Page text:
States bypass rural Internet obstacles

National Association of Regulatory Utility Commissioners

Although the number of Internet users in rural areas has been increasing

steadily, barriers still hinder broadband deployment — namely high cost,

low demand, a lack of awareness and infrastructure, and low return on investment.

Several state governments have taken different approaches to overcoming

such roadblocks, including offering tax incentives, low-interest loans and

grants, as well as allowing local public-sector entities to enter the broadband

business itself.

Earlier this year, Virginia lawmakers passed a law that permits local

governments to offer telecommunications services to residents and businesses

in rural areas where there are no competitive local exchange carriers, said

Virginia House Delegate Joe May during a session at the National Conference

of State Legislatures' fall forum in Washington, D.C., Dec. 11-13.

In essence, localities, electric commissions or boards, and industrial

or economic development authorities can provide "last mile" connections

to high-speed data and Internet access service, but not cable service. The

law allows underserved areas to get needed infrastructure sooner rather

than later, May said, adding that the law has "checks and balances" to also

allow private-sector competition at a later date.

So far, the state has approved the cities of Bristol and Danville to

provide such service, while applications for the city of Martinsville and

town of Front Royal are pending, he said. In addition, Virginia's Center

for Innovative Technology, a nonprofit group empowered to promote technology-based

economic development, was charged with putting together a template on how

to establish the service, he said.

South Dakota began planning for high-bandwidth deployment in 1996 by

wiring K-12 schools, said state Sen. Royal McCracken. But the $100 million

cost to wire 176 school districts was prohibitive. So Gov. Bill Janklow

used state prison inmate labor for the installation, providing the inmates

with marketable skills and significantly lowering the project's overall

cost to about $13 million, McCracken said.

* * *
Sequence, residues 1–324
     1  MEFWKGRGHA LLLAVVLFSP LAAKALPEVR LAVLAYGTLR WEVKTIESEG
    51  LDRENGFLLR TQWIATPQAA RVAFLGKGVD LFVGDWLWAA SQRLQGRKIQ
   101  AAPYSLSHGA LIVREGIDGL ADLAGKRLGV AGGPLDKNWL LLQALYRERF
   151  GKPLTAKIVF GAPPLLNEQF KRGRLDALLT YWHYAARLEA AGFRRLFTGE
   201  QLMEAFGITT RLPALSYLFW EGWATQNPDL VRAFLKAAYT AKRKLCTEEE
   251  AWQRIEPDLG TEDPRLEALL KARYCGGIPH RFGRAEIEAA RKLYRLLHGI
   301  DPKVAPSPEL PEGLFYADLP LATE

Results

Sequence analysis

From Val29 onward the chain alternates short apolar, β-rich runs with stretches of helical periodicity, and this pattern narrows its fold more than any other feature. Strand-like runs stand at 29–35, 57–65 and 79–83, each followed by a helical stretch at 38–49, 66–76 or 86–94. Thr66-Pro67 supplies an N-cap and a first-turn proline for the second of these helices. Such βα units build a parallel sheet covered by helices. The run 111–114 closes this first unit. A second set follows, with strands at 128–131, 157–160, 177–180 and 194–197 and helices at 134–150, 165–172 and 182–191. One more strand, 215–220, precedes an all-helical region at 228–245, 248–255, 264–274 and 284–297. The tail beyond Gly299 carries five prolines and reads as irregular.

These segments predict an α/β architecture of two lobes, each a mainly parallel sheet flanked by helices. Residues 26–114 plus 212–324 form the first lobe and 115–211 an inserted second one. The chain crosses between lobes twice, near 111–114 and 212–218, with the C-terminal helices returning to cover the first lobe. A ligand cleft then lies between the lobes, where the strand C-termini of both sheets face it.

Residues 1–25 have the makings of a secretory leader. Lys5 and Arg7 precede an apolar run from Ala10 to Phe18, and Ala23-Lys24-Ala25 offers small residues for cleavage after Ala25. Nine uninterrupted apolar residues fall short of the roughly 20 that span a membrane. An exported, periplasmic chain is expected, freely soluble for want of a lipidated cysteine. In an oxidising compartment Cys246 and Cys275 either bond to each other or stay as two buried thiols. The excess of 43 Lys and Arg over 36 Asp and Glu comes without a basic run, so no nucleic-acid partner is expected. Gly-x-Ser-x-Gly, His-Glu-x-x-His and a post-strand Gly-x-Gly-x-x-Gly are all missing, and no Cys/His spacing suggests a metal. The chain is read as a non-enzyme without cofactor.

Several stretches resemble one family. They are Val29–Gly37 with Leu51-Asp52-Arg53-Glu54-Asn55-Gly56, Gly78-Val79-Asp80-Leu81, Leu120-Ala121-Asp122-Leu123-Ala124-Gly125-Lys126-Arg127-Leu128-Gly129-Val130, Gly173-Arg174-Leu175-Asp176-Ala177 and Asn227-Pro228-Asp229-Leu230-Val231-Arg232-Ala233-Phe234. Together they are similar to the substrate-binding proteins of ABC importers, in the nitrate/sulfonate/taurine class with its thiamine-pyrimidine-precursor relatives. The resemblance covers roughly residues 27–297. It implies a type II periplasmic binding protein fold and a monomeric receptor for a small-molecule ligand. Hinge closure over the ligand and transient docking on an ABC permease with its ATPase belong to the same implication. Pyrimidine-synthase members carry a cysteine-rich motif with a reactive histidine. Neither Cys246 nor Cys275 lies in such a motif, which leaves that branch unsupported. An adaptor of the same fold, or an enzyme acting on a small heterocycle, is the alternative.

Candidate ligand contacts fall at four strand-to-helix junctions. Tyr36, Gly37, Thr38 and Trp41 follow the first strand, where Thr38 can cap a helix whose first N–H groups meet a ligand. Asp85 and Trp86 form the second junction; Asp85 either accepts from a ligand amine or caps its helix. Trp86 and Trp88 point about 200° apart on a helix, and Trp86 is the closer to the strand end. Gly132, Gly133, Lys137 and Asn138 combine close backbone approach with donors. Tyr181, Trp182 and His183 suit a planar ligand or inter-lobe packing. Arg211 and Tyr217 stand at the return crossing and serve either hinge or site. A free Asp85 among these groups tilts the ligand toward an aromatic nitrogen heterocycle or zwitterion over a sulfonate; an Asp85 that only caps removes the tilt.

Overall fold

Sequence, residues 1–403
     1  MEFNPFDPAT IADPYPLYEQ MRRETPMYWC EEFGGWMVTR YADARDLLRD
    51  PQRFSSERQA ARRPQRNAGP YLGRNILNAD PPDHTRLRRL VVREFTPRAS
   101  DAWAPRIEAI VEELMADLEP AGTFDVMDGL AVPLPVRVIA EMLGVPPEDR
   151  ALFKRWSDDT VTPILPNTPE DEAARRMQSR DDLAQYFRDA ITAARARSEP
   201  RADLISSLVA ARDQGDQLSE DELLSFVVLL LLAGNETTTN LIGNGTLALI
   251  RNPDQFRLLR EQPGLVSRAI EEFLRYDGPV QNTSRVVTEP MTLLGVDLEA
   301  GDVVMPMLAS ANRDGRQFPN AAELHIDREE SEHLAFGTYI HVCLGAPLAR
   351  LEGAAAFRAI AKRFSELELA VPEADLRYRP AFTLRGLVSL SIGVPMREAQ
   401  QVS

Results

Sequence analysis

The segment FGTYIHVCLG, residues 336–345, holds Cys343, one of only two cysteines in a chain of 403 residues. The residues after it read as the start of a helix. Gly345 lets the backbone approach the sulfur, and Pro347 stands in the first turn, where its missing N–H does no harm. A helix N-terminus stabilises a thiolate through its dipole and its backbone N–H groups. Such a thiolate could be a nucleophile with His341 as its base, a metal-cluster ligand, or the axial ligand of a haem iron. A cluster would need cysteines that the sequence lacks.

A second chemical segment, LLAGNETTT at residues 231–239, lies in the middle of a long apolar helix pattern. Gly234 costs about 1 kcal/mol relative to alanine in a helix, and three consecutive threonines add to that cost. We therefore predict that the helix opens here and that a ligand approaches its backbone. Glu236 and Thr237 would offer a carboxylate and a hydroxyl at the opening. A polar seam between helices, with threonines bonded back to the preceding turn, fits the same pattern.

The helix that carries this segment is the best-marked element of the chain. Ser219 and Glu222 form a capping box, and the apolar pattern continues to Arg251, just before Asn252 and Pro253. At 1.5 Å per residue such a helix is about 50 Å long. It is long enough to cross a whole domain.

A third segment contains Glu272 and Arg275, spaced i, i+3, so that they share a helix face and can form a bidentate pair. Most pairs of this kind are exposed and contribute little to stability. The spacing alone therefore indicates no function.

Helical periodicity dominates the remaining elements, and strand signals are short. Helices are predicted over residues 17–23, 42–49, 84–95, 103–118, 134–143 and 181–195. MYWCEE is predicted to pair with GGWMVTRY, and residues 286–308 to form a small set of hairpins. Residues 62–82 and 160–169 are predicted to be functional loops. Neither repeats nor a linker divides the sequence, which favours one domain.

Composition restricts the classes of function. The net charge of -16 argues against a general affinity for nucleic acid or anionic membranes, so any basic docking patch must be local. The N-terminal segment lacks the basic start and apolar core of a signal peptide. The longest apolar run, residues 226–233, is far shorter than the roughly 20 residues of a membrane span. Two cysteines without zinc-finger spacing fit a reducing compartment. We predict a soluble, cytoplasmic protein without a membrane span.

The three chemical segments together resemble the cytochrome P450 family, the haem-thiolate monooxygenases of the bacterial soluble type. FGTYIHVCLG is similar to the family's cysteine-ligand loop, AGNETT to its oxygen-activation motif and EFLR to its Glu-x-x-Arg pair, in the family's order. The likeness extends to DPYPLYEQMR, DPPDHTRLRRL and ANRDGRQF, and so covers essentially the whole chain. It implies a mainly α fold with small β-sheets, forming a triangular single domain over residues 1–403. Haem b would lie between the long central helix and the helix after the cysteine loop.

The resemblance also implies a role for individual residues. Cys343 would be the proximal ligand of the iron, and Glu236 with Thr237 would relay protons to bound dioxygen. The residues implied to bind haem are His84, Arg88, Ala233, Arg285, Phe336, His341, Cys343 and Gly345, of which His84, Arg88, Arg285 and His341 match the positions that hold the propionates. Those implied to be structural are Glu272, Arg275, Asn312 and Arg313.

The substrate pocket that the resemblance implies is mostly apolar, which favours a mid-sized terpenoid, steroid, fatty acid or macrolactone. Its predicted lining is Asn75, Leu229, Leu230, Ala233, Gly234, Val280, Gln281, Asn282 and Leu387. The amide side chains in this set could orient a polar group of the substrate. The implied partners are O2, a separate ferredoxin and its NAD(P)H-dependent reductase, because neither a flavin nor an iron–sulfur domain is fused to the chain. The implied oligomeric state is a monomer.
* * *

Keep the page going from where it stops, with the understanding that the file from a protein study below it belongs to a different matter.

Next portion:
He said Janklow also persuaded local telephone companies that it would

be in their best interests to provide continuing service because once parents

and children used the Internet in the schools, they would want it in their

homes. "The connection is now there for businesses also," McCracken added.

The Internet was needed in the state, he said, as a way of attracting

businesses from around the world as well as allowing established businesses

in the state to compete.

Nationally, high-speed Internet connections — defined as speeds exceeding

200 kilobits/sec in both directions — increased 33 percent during the second

half of 2001, to 12.8 million lines in service, according to Federal Communications

Commission statistics provided by the National Association of Regulatory

Utility Commissioners.

Citing National Telecommunications and Information Administration data,

the National Association of Regulatory Utility Commissioners also reported

that Internet use among rural households grew 24 percent on average annually

from 1998 to 2001, and the percentage of Internet users in rural areas is

53 percent, almost even with the national average.

Minnesota state Sen. Steve Kelley said there is no digital divide in

terms of access, but there is one in terms of price. On average, a rural

school district in his state pays about $2,200 per month for a T1 line,

while an urban counterpart pays only $300 to $400 per month.

One way to promote more broadband use is to bundle the service with

"competitive video," he said, possibly referring to cable TV. Video thus

becomes a way of subsidizing the broadband service's usage.


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